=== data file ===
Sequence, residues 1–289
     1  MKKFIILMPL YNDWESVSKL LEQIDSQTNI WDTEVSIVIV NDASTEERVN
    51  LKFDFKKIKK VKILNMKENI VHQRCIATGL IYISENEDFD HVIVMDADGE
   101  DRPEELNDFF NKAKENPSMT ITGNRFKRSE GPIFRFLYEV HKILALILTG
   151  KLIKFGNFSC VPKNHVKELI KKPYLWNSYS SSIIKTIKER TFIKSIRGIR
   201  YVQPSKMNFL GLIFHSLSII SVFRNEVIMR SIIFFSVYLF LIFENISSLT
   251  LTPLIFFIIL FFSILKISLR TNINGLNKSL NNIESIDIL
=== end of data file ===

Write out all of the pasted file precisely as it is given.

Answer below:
Sequence, residues 1–289
     1  MKKFIILMPL YNDWESVSKL LEQIDSQTNI WDTEVSIVIV NDASTEERVN
    51  LKFDFKKIKK VKILNMKENI VHQRCIATGL IYISENEDFD HVIVMDADGE
   101  DRPEELNDFF NKAKENPSMT ITGNRFKRSE GPIFRFLYEV HKILALILTG
   151  KLIKFGNFSC VPKNHVKELI KKPYLWNSYS SSIIKTIKER TFIKSIRGIR
   201  YVQPSKMNFL GLIFHSLSII SVFRNEVIMR SIIFFSVYLF LIFENISSLT
   251  LTPLIFFIIL FFSILKISLR TNINGLNKSL NNIESIDIL